GLOBAL – The Bank for International Settlements (BIS) has called for input from investors and other market participants on the longevity-risk transfer market with the view to avoiding a "breakdown" in the risk-transfer chain at a time when pension funds look increasingly at de-risking solutions.
The BIS released a consultation paper on longevity-risk transfer markets in which it stresses that total longevity risk is "significant" when measured from a financial perspective.
In its paper, the BIS estimates that the total global amount of annuity and pension-related longevity risk exposure ranges from $15trn (€11.2bn) to $25trn.
"To manage this risk, pension funds in some countries are increasingly looking to transfer their longevity risk," it says.
"There are basically three types of transactions being used to transfer longevity risk that differ in terms of the types of risk transferred and the types of risk created: buy-in, buyout and longevity-swap transactions."
The BIS went on to say that, while longevity-risk transfer markets are not "sizeable enough" to present immediate systemic concerns, their "massive" potential size – and growing interest from investment banks to mobilise this risk – make it important to ensure these markets are safe, both on a prudential and systemic level.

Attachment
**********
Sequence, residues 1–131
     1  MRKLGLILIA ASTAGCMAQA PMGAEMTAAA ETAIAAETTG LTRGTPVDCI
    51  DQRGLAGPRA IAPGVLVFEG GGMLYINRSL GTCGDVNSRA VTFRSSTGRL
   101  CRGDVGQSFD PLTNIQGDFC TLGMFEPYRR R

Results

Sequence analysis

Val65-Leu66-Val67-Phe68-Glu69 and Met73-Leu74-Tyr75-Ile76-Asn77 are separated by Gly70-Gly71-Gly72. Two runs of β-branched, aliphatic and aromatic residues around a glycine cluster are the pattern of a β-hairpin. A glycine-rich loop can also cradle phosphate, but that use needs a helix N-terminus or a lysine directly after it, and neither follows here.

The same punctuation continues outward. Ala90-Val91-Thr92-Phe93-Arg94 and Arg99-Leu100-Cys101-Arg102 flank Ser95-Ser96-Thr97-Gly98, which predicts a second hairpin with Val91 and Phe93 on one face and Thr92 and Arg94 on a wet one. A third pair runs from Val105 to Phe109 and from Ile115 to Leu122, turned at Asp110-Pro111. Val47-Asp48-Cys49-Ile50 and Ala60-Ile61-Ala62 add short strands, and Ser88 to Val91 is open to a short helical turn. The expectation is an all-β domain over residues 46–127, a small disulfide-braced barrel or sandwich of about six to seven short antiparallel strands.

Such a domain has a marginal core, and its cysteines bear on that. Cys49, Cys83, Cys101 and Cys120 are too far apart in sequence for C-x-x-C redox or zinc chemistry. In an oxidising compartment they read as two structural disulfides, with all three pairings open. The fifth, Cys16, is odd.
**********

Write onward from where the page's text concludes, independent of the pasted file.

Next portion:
The organisation makes a number of recommendations.
First, it calls on supervisors to communicate and cooperate internationally and across sectors to reduce regulatory arbitrage.
It adds that supervisors should also seek to ensure holders of longevity risk under their supervision have the appropriate knowledge, skills, expertise and information to manage it.
In a third point, the BIS stresses that policymakers should review their explicit and implicit policies with regards to where longevity risk should reside.
"They should also be aware that social policies may have consequences on both longevity-risk management practices and the functioning of longevity-risk transfer markets," the BIS says.
According to the organisation, policymakers should also review rules and regulations pertaining to the measurement, management and disclosure of longevity risk and ensure institutions taking on longevity risk are able to "withstand unexpected, as well as expected" increases in life expectancy.
Additionally, policymakers should closely monitor the market between corporates, banks, reinsurers and the financial markets, including the amount and nature of the longevity risk transferred.
To that extent, the BIS warns that longevity swaps might expose the banking sector to longevity tail risk, possibly leading to risk transfer chain breakdowns.
The BIS lastly recommends policymakers to support the compilation and dissemination of more granular, up-to-date longevity and mortality data relevant for the valuations of pension and life insurance liabilities.
Market participants wishing to comment on the report have until 18 October to submit their responses.